Mexico / Perfect Days

Celebrating Oaxaca (Part 2)

The second day of festivities to celebrate Origen’s 6th & Los Danzante’s 20th Anniversaries started Saturday morning. I was invited to attend the daytime activities for the Chefs, other special guests and attending media. Omar, aka “Oaxacking” gave me very little details as to what we’d be doing for the day, only a “just come, you’ll enjoy”. I had to push myself out of my comfort zone to participate in something I didn’t know the full details of,  but from past experiences, Omar has never been wrong.

I was feeling a bit “crudo” from the evening before, but I focused myself for an adventure, which started bright and early with breakfast on La Olla‘s lovely terrace, hosted by Chef Pilar Cabrera.

La Olla Oaxaca Breakfast

Memelas and tetelas on the comal.

La Olla Oaxaca Pilar

Chef Pilar presiding over pots filled with brightly coloured soul-soothing delights, just the cure for over-indulgence from the night before.

 

La Olla Oaxaca Diego Fuego

DJ Diego Fuego from Los Angeles, enjoying the wonderful spread.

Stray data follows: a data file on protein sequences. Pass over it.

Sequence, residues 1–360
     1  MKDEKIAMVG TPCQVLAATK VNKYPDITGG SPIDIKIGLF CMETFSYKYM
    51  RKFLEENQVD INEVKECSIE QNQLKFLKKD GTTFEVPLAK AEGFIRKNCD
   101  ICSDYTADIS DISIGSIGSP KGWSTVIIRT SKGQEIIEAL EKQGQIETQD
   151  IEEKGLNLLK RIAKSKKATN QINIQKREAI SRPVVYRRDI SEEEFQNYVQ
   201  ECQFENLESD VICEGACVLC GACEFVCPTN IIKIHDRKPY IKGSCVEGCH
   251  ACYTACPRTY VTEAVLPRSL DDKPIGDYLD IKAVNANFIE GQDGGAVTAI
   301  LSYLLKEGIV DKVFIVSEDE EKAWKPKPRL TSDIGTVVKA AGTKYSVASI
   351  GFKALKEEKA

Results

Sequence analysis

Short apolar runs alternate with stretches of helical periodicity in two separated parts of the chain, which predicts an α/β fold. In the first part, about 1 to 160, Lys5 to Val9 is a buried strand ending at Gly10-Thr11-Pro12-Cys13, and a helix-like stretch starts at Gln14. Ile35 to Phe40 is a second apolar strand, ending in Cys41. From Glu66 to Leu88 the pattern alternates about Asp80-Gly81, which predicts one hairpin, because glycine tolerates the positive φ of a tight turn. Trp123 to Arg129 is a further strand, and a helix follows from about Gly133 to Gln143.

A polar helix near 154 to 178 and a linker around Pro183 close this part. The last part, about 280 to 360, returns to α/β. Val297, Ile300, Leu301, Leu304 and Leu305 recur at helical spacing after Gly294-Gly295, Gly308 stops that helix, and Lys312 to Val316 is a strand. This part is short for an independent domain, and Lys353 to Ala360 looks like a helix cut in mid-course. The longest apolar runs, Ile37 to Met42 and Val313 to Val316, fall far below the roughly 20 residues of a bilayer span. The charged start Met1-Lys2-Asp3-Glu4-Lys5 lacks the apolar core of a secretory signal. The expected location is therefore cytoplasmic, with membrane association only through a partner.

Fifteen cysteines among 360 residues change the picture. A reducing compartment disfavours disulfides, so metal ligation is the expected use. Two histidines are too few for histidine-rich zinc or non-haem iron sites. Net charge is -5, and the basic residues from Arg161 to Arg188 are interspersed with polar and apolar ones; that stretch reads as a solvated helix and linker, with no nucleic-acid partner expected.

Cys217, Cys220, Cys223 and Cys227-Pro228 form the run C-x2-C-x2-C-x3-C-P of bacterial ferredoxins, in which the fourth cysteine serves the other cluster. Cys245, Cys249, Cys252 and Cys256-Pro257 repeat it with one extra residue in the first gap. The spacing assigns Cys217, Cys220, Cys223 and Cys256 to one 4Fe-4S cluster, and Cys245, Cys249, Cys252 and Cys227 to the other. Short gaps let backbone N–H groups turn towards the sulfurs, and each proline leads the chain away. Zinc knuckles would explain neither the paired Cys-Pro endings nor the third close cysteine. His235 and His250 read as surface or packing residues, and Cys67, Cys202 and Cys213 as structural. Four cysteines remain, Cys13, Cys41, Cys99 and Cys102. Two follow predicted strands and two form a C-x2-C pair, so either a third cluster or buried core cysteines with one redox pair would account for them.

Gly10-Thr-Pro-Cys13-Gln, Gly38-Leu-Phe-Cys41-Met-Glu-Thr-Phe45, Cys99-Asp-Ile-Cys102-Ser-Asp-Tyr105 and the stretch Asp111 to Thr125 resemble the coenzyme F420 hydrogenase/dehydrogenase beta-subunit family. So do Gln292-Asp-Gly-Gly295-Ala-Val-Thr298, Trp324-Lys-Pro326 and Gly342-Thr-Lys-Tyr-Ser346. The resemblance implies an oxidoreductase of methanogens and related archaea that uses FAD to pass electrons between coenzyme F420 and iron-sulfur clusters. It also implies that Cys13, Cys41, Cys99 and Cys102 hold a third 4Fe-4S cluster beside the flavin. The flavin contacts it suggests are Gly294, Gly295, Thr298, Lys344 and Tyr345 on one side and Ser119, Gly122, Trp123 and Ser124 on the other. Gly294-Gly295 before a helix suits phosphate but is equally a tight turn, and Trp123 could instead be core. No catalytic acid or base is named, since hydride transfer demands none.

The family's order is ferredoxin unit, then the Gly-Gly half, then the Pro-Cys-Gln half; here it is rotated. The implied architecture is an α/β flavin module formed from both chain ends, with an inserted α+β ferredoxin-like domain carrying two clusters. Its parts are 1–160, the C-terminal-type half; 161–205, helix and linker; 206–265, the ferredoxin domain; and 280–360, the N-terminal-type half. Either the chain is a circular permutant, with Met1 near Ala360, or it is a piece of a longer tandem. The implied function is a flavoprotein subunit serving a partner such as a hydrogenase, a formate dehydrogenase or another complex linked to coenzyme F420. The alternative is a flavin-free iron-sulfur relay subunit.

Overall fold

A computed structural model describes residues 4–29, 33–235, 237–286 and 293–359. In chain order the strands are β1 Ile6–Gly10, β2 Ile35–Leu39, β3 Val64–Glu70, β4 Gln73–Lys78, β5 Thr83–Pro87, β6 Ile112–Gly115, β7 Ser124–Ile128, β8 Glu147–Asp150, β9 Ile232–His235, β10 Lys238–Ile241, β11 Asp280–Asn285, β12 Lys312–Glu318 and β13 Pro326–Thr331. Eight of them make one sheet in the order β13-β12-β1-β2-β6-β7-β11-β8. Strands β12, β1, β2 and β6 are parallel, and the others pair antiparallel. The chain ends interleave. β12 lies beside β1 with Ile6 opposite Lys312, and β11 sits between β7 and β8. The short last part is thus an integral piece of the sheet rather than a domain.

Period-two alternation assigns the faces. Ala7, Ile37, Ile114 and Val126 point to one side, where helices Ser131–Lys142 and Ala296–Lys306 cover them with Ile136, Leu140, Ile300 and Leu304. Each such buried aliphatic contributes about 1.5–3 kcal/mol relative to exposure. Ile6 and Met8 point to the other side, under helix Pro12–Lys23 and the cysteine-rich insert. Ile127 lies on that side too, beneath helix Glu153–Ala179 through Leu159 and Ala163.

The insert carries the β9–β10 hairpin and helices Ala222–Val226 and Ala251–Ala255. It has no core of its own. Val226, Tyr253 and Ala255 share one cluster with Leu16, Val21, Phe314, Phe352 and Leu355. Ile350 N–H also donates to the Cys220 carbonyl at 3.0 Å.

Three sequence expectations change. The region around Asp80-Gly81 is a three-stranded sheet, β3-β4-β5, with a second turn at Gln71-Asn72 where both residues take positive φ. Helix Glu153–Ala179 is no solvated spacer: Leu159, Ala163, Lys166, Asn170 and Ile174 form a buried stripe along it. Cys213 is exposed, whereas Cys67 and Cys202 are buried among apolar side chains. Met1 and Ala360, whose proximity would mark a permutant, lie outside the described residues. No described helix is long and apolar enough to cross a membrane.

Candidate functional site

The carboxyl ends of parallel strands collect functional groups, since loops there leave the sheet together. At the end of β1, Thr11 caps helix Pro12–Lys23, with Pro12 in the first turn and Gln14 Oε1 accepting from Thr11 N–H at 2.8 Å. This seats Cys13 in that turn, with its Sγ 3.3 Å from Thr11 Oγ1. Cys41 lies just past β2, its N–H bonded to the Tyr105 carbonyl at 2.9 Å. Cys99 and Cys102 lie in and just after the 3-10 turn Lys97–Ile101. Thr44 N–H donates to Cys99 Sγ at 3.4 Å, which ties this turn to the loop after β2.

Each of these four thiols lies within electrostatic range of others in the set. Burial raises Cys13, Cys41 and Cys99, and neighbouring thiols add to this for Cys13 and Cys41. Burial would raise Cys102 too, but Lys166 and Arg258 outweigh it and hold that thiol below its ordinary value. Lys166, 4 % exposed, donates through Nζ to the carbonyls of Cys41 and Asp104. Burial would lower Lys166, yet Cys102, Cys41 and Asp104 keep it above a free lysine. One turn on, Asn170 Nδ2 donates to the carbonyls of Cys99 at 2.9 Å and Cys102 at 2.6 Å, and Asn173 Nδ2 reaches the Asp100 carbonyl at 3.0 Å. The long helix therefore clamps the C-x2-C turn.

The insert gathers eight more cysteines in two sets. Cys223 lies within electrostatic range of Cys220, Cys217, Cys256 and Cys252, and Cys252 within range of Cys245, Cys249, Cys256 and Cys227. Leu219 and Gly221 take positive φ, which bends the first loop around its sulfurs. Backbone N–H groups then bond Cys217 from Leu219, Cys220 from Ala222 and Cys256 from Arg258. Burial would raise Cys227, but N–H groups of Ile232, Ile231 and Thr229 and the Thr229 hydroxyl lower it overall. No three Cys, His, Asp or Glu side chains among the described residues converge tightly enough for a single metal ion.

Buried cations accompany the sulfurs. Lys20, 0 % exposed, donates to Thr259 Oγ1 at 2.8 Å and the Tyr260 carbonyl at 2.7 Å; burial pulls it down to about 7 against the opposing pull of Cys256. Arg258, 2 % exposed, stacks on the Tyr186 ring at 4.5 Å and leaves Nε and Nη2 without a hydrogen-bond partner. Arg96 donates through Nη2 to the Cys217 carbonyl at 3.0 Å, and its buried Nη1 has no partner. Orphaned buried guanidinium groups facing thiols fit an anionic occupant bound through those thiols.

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Sitting at this table with such talented and creative people, I felt fortunate to have been included in this day.  To top it off? The view from La Olla’s patio is one of the best in Oaxaca. photo credit: Los Danzantes

Our first stop on our adventure was the Agrobiodiversity Fair in Union Zapata, just outside of Mitla, around 30 minutes outside of the city. Farmers from all over the state of Oaxaca gathered to promote the conservation of ancient crops and traditional farming techniques, which have been nourishing indigenous people for over ten thousand years.

I had no idea what to expect when I got off the bus in the middle of what seemed like nowhere but was astounded by the beauty of the artisan produce on display.

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Agrobiodiversity Fair corn

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Hugo Ortega Oaxaca

Chef Hugo Ortega wandered through the fair enthusiastically speaking to the families representing their products.

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Chef Rodolfo sampled the tamales.

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Omar enjoyed his jicaleta.

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My treat was a scoop of nieve, corn flavoured of course!

We got back on the bus and were off again a short ride away to the bottling plant of Los Danzantes.

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The different types of agave were represented in a garden outside the facility.

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Seeing the different type of agave and being able to compare and contrast was a great visual educational experience for me.